This turbulent surgeon
Sir: I have taken Meirion Thomas to task before in your letters pages, saying that since one third of NHS professional staff are immigrants, it would seem churlish to deny health visitors access to the very doctors we have poached from them.
Meirion Thomas is not a whistle-blower (‘Bitter medicine’, 3 January) — he has not told us anything that our own prejudices haven’t already informed us of. And quite rightly he is being encouraged by his colleagues to zip it. Is there any business, let alone political party, that would tolerate such pointless, if not divisive, mudslinging from within?
Dr Tom Roberts
Sir: Freddy Gray’s piece on Meirion Thomas last week is a worrying reminder that medicine, despite its dependence on scientific truth, still hides truths of other sorts when they prove inconvenient or embarrassing.
Forty years ago a pig-farmer friend visited his wife and newborn baby in a local hospital, where there had been an outbreak of a ‘mystery illness’. To one side my friend noticed an empty drug bottle and remarked within the hearing of medical staff that the drug concerned was that prescribed by his vet for E. coli in pigs. Within moments he was bundled into a nearby linen store and told that he had to assure staff that he would not discuss the matter anywhere before they would release him. Within days my friends’ baby had died and the hospital then announced an outbreak of E. coli .
The treatment of Meirion Thomas must make us wonder whether, if the medical profession is reduced to dismissing competent practitioners rather than facing inconvenient truths, it will further limit the extent to which the benefits of modern medicine can be shared.
Sir: If there is consensus among the political parties not to privatise the NHS as James Forsyth suggests (Politics, 3 January) let us at least be glad they are currently reflecting the will of the British people. As for whether it is unhealthy, that depends on whether their legitimate concerns over privatisation can be addressed.
The examples of American healthcare, our energy companies, railways and misbegotten PFI ‘initiatives’ show us that whatever efficiency savings might or might not accrue, costs always rise steeply and the poorer get priced out. Everyone gets smart new seats, but a margin for profit is taken out of the pot that could have gone on services. Vested interests and commercial gain easily become key drivers behind whatever deals are set up, to the detriment of front-line service quality. And the ostensible benefit of ‘customer choice’ evaporates when you want a drug the insurance company doesn’t want to pay the pharmaceutical supplier for. So far there has been an unhealthy silence over these problems, which politicians must break if they are to reform our ‘national religion’.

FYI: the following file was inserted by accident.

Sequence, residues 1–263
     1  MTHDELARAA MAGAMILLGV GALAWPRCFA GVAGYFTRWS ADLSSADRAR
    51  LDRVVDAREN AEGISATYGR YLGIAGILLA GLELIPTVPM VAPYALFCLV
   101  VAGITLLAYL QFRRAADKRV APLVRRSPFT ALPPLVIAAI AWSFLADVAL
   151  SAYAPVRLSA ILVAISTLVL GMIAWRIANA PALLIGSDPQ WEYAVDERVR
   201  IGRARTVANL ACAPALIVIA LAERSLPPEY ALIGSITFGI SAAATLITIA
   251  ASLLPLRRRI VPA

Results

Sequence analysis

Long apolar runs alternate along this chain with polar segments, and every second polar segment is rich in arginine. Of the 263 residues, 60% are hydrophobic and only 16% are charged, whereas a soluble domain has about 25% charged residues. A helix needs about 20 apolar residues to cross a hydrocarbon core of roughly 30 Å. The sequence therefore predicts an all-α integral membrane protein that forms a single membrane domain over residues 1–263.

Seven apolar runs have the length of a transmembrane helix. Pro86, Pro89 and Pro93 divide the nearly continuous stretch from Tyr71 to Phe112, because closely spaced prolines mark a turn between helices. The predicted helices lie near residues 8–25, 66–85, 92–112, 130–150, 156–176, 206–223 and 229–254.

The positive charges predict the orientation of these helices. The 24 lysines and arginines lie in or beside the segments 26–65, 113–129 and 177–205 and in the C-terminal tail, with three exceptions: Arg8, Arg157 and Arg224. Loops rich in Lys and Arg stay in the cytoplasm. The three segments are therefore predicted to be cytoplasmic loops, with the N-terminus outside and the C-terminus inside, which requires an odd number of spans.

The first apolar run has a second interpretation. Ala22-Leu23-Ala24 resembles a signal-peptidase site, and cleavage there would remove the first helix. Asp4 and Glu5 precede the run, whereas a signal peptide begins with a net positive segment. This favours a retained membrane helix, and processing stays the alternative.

Dr Warren Reed
Sir: Bruce Anderson (Diary, 3 January) is right to recall that England football fans waved the Union Flag when their team won the World Cup in 1966. What he fails to recall is how much their actions were resented in Scotland and, I imagine, in the other non-English nations of the United Kingdom. This was not because of hostility towards the English team or its win (memories of the second world war were still sufficiently fresh in 1966 for beating the Germans to excuse almost anything), but because of the presumption of conflating the rest of us, unasked, with England. The Cross of St George may subsequently have taken on unpleasant connotations within English society, but the other partners in the Union can only view its belated adoption as the correct symbol of England with gratitude.
St George in Tuscany
Sir: Bruce Anderson mentions the presence of the Cross of St George in Jan van Eyck’s ‘Virgin and Child with Canon van der Paele’ in Bruges (Diary, 3 January). A perhaps even greater painting with the same ingredient is Piero della Francesco’s ‘Resurrection’ fresco at Sansepolcro in Tuscany. It’s always seemed intriguing that Christ here triumphs over death proudly carrying the flag of the Church of England — and in such a Catholic country too.
Chichester, West Sussex
Burchill’s blanket dismissal
Sir: Julie Burchill (‘Fashion statement’, 3 January) says middle-aged women who ‘make a fuss’ over their appearance have nothing of substance to recommend them. Very often they do, from Margaret Thatcher to Vivienne Westwood to your next-door neighbour (in varying degrees), but that approach means you may never know. I agree slogans on clothing are often trite, dull, pretentious and by definition repetitive, but to shoot the messenger for their appearance before you hear what they have to say is glib and often cruel — a bit like slogans in fact.
Sir: The recent correspondence on the subject of the fatal cricket accident which in 1751 prevented Frederick Louis, Prince of Wales, from succeeding his father George II as king in 1760, has failed to mention that this was the first known instance in cricket history of play stopping reign.